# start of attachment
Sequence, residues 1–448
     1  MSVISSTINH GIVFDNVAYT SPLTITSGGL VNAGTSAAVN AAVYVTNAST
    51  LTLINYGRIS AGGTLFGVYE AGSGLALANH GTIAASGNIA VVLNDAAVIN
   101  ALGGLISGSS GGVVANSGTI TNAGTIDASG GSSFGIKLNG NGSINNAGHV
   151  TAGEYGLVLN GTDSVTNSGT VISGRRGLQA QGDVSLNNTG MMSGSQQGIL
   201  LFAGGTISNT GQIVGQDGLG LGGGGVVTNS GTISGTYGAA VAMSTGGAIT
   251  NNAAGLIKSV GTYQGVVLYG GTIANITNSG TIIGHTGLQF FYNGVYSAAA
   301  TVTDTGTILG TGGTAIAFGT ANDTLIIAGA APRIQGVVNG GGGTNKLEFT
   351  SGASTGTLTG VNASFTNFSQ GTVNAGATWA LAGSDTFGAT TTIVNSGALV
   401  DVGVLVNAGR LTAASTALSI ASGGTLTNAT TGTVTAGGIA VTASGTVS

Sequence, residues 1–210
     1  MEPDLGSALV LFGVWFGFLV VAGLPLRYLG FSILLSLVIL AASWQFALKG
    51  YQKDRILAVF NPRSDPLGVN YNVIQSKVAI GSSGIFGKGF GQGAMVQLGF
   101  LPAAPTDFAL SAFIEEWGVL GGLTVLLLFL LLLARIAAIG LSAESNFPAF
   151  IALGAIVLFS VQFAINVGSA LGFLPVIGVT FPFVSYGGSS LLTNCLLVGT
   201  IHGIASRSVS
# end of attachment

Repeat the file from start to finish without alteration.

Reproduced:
Sequence, residues 1–448
     1  MSVISSTINH GIVFDNVAYT SPLTITSGGL VNAGTSAAVN AAVYVTNAST
    51  LTLINYGRIS AGGTLFGVYE AGSGLALANH GTIAASGNIA VVLNDAAVIN
   101  ALGGLISGSS GGVVANSGTI TNAGTIDASG GSSFGIKLNG NGSINNAGHV
   151  TAGEYGLVLN GTDSVTNSGT VISGRRGLQA QGDVSLNNTG MMSGSQQGIL
   201  LFAGGTISNT GQIVGQDGLG LGGGGVVTNS GTISGTYGAA VAMSTGGAIT
   251  NNAAGLIKSV GTYQGVVLYG GTIANITNSG TIIGHTGLQF FYNGVYSAAA
   301  TVTDTGTILG TGGTAIAFGT ANDTLIIAGA APRIQGVVNG GGGTNKLEFT
   351  SGASTGTLTG VNASFTNFSQ GTVNAGATWA LAGSDTFGAT TTIVNSGALV
   401  DVGVLVNAGR LTAASTALSI ASGGTLTNAT TGTVTAGGIA VTASGTVS

Sequence, residues 1–210
     1  MEPDLGSALV LFGVWFGFLV VAGLPLRYLG FSILLSLVIL AASWQFALKG
    51  YQKDRILAVF NPRSDPLGVN YNVIQSKVAI GSSGIFGKGF GQGAMVQLGF
   101  LPAAPTDFAL SAFIEEWGVL GGLTVLLLFL LLLARIAAIG LSAESNFPAF
   151  IALGAIVLFS VQFAINVGSA LGFLPVIGVT FPFVSYGGSS LLTNCLLVGT
   201  IHGIASRSVS